By Saturday, Scott let me know that she was taking some powerful, far-beyond-morphine painkillers, and that Shirley’s niece was on the way. He predicted that she would hang on until Jaci arrived.
Very early Monday morning, December 3rd, 2018, Shirley Shanahan passed away.
It wasn’t a punch to the gut kind of shock. It wasn’t a surprise, but it was a slow burn of loss that hasn’t died out yet. The reaction is a hard thing to compare, and it makes me think about the impact that people can have.
I’ve already made the case for how I could minimize the loss, yet I can’t. Why?
What makes one person matter and another person a matter of course in the grand scheme of life?
Shirley was an unstoppable reader, like myself, and unrestrained thinker, like myself, and someone capable of stepping outside of every confirmation bias we live within, also like myself. Needless to say, we had plenty to discuss. She had been stung by life, and carried the cynicism that experience suggests. She had also chosen to carry the joy of life, which is a difficult trick in the balance. She could take the good with the bad in people in a very true sense. The teetering scale of judgment and live-and-let-live is difficult, and she wore it with style.
But these are just opinionated arguments. It really came down to a strong spirit, and that is something that cannot be conveyed second hand. It’s a thing that we sense upon encountering, but perhaps never consciously recognize. There is seemingly a freedom of opinion in old age, and I believe it is well earned, but not everyone uses it well. One can take the hard knocks of life and grow it like a green sourdough starter into a bitter brew that clouds everyone and everything. I can point to my own grandmother in this regard. Shirley never fell for it. She could always see both sides. She had no regard for ridiculousness, but in the same breath could find sympathy for the conditions that gave rise to a ridiculous chain of thought.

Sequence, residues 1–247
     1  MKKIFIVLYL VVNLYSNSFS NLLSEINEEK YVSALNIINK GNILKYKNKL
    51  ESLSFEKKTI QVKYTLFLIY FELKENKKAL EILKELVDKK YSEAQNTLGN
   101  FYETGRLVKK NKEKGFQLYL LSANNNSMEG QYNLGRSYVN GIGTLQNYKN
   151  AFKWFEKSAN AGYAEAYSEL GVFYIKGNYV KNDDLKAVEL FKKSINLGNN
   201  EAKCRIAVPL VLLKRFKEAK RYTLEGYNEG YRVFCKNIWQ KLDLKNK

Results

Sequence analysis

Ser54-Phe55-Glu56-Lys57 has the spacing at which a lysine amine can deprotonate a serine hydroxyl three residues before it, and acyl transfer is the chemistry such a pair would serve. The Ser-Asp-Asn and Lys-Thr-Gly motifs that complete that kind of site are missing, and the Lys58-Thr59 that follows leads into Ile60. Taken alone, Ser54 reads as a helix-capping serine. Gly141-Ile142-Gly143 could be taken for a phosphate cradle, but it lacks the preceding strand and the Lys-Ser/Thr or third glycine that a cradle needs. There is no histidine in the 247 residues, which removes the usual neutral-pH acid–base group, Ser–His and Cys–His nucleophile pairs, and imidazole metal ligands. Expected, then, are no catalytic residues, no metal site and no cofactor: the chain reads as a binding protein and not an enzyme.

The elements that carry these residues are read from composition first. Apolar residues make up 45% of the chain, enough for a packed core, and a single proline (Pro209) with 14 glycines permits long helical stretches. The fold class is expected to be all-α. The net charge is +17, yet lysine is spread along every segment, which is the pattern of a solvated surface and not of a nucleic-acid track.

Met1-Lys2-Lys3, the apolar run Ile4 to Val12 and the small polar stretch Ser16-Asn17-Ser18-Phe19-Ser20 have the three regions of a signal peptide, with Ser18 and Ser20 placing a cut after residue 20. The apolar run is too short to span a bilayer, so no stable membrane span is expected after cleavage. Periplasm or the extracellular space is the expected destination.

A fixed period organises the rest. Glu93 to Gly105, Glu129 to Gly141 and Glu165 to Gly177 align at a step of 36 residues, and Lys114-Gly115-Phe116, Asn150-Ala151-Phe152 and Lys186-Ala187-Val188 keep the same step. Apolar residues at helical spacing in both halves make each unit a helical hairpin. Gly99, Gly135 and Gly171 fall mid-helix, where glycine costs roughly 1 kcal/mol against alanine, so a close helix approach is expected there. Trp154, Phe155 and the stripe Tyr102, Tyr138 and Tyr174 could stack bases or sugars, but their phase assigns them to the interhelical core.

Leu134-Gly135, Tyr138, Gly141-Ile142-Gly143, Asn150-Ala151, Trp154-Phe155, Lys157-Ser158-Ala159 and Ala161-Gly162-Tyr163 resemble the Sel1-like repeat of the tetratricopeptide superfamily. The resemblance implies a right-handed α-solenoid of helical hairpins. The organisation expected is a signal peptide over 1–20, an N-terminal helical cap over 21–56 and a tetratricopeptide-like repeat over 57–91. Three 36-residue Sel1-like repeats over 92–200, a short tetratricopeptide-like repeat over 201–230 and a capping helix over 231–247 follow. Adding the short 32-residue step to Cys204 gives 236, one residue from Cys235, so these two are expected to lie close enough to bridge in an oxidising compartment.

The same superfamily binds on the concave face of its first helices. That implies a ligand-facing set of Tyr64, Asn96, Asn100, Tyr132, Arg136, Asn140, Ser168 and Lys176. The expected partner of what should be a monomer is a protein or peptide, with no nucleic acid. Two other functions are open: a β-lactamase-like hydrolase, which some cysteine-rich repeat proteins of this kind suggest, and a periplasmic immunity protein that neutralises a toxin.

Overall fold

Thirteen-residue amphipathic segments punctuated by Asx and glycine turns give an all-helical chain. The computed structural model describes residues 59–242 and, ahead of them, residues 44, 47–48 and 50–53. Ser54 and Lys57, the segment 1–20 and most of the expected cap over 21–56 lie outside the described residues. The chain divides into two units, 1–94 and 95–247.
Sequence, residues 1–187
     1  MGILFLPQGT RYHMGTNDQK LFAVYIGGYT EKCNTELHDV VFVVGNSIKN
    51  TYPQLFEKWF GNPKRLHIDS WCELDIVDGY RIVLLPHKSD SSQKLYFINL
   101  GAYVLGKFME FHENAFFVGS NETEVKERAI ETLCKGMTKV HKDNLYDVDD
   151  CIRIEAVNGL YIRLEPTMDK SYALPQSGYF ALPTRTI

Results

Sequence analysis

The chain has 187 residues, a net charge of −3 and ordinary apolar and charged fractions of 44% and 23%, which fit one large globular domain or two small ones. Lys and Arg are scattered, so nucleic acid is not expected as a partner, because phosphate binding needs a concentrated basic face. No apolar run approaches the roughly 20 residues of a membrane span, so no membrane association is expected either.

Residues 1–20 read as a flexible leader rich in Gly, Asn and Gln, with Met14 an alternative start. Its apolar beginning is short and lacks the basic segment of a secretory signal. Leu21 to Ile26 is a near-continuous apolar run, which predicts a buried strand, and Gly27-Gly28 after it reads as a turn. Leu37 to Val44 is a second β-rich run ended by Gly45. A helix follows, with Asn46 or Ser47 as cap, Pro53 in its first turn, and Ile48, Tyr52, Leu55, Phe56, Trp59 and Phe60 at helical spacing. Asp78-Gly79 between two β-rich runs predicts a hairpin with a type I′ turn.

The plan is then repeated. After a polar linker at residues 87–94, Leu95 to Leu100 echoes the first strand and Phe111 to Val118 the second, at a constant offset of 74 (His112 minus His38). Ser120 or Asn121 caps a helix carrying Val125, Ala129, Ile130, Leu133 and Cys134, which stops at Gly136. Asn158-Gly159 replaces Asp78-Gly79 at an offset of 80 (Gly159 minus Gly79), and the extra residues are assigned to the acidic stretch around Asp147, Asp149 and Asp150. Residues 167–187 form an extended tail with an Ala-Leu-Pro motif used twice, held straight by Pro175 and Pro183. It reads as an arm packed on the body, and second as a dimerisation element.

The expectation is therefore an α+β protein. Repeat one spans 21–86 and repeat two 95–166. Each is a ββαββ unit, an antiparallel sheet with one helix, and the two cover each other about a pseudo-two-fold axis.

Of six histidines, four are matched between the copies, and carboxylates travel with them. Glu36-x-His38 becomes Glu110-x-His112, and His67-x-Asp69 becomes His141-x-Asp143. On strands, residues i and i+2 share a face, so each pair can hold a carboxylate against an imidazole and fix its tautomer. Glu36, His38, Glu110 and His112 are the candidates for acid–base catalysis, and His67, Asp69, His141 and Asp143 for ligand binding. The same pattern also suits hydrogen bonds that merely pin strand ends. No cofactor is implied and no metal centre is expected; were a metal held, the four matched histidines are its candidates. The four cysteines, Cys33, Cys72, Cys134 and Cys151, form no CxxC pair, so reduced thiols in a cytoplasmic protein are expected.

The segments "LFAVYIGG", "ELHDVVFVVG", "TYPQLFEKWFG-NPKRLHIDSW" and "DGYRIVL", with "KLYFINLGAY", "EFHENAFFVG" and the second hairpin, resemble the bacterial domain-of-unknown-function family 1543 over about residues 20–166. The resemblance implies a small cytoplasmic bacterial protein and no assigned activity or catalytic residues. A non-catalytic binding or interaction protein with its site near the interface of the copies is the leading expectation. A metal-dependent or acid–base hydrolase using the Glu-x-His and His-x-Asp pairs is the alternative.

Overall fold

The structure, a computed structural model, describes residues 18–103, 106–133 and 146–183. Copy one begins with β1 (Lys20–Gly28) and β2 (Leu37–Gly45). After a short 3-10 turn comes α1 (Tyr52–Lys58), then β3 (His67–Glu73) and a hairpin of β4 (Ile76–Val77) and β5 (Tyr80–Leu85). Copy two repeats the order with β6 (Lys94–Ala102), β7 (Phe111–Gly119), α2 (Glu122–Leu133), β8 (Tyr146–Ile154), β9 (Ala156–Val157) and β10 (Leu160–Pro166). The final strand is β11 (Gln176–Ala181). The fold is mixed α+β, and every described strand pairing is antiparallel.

What is the word for it? Perhaps a philosopher of the high order that steps away from the written page and into the life that we should all live. Objectively, Shirley did not live a successful life on paper, but within herself, she was a person of high integrity and purpose. She could, on any given day, tell a doctor that there was no way she would stop smoking, yet tell someone that smoking was a bad habit. Her life – her rules. “Don’t make my mistakes.”
In a morally relativistic world where people can rationalize almost anything, her ability to own up to her own failings was miraculous. Honest. True.
We could all use more of that kind of honesty.
In a week when we celebrated the life of an ex-president, I’d suggest that we celebrate the lives of a great many people we lost – you know who they were – who changed the world in ways that will never make the news, but matter to those affected far more than we tend to recognize. For me, Shirley is at the top of the list.
With enduring love and respect, I salute the life of Shirley, a woman who most of you will never have the pleasure of knowing. May she rest in peace and her ashes be scattered upon the broad face of the Pacific.